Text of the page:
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27th May 2015

Making new friends: Parent and toddler group survival tips


As a shy person trapped in a talkative person’s body, I found walking into my first parent and toddler group a nerve wrecking experience. Where do you go? Who is in charge? What do you do?

The first thing you need to know is that everyone in the room has had their first day too. People go to these groups for different reasons. Some people go to talk to people who can wipe their own noses; some people go because they’d like their child to have some more social interaction some people go for advice from other parents. Often it’s a mix of all three. Whatever your reasons for wanting to join a parent and toddler group, here are some tips and tricks to help you on your way.


The first problem can often be finding where to go. The Public Health Nurses, GP surgery, Family Resource Centres and local notice boards are all good starting points for finding out about the parent and toddler groups in your area.

Once you have found the parent and toddler group available, the next step is to look up whatever information you need to make you feel comfortable about going. I put off going to groups for so many reasons. I didn’t know where to park; I’m wasn’t sure which building it was in, and so I decided to stay at home instead.

Now I am a big fan of using Google street view before I head off to a new group and feel much more confident when I know where I’ll be travelling to and how long it will take. Some groups have a contact person you can ring in advance to get information. Many groups have Facebook pages so you can get a feel for the group’s activities.

For months, I thought that Parent and Toddler groups meant that your child had to be a toddler. This isn’t the case at all. Most groups welcome all young children. I have even met babies as young as four weeks at a group. So haul your sleep-deprived self out of the house and get meeting people again.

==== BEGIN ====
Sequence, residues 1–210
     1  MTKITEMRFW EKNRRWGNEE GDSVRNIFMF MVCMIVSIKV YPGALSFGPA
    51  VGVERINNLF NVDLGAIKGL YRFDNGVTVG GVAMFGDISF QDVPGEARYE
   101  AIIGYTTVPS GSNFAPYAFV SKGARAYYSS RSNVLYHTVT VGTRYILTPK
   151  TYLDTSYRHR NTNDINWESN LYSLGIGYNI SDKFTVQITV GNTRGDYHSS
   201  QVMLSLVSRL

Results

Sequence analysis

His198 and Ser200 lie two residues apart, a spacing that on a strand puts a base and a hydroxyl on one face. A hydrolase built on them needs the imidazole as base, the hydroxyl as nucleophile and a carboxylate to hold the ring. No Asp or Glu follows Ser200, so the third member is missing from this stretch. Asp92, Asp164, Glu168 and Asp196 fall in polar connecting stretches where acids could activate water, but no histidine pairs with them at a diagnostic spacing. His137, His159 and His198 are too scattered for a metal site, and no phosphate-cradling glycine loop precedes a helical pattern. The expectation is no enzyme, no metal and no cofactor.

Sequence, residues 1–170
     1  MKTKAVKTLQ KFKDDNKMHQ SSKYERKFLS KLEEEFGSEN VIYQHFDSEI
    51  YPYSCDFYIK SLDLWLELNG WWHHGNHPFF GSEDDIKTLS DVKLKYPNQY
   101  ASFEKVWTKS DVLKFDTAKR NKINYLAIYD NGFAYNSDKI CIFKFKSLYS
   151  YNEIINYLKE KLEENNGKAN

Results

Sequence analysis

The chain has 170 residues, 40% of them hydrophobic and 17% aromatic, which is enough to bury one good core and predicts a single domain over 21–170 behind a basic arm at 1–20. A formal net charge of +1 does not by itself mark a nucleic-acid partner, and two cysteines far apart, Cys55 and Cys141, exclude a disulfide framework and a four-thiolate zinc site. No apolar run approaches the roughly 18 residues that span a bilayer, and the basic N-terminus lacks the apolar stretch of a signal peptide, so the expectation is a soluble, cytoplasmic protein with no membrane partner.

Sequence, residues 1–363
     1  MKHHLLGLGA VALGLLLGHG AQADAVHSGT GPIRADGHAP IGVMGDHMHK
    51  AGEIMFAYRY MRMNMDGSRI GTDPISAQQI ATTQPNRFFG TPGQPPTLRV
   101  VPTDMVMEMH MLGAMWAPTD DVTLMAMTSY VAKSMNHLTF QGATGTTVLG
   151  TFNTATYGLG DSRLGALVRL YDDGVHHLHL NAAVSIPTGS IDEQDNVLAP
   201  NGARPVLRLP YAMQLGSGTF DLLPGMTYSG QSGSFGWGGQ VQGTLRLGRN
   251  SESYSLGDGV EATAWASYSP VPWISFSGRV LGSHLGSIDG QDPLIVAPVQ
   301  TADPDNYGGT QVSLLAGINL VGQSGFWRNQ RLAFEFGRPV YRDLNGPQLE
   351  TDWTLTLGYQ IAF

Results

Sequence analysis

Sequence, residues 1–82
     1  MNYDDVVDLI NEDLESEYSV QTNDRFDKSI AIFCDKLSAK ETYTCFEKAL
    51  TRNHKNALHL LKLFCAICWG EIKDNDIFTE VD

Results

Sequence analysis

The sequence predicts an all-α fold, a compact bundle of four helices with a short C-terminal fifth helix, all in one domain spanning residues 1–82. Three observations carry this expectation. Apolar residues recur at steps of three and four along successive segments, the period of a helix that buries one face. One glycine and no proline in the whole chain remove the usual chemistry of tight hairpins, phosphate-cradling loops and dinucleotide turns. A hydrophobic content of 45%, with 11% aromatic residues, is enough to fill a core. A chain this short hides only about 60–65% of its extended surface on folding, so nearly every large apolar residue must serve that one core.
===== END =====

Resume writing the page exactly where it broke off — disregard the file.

Leaving the house with a child, especially a newborn, takes effort. Give yourself plenty of time to pack everything you need. Often the groups are on in the morning so you may want to back a bag the night before.

On your first visit my advice is to bring money, there is often a small charge to attend the group and I have found myself rooting around the car for change. Best avoid this by bringing a small amount of money with you. Bring food or bottles and a change of clothes for your little one too.

Go for it

I have never met anyone who truly relishes meeting new people. Even the friendliest people I know find it tiring to meet a room full of strangers. But it really is worth it.

Making friends who are in the same stage of life as you are is a comfort, and you’ll be surprised at how quickly friendships develop. You are not going to get on with everyone, and you don’t have to, but you’ll be surprised how easy it is to strike up a conversation. In my experience, everyone there is up for a natter. If you meet someone who isn’t so friendly, then try someone else. But also bear in mind the person who isn’t so friendly might not have slept for a month!

If at first you don’t succeed, try again

If there is only one group in your area and you weren’t too sure about it on your first week why not try it again? You might go one week and think that there’s no-one you really click with. Try again next week. Not only might there be different people the next week but you might find you and the people you’ve met are more comfortable with each other on your second week.

If there are loads of groups in your area why not try a few. I am the Goldilocks of parent and toddler groups. I’ve ruled out groups for having too many people, too few people. I kept trying new groups until I hit on the right group for me and my son.

Once you’ve braved your first day at one group the rest is a doddle.

People are nice

At the start, I worried a lot about other parents judging my parenting choices. I worried that people would judge my breastfeeding choices, and then I worried they’d judge my food choices. The reality is, most people are too busy trying to figure out how to parent their own children to worry about how you parent yours. Plus, one of the easiest things to forget is people are nice. Yes, there are some loose canons out there but on the whole people are nice. Parents just want to meet, chat, hang out with their kids and relax.

This is definitely something you can do. You’ve had a baby you can do anything!

Ann Marie is a writer, blogger and mum living in Cork City. She enjoys all things vintage, making a craft mess and finishing a cup of tea without anyone throwing a tantrum. You can read more from Ann Marie on her blog or follow her funny musings as a Mum on Twitter, @thriftyamos.


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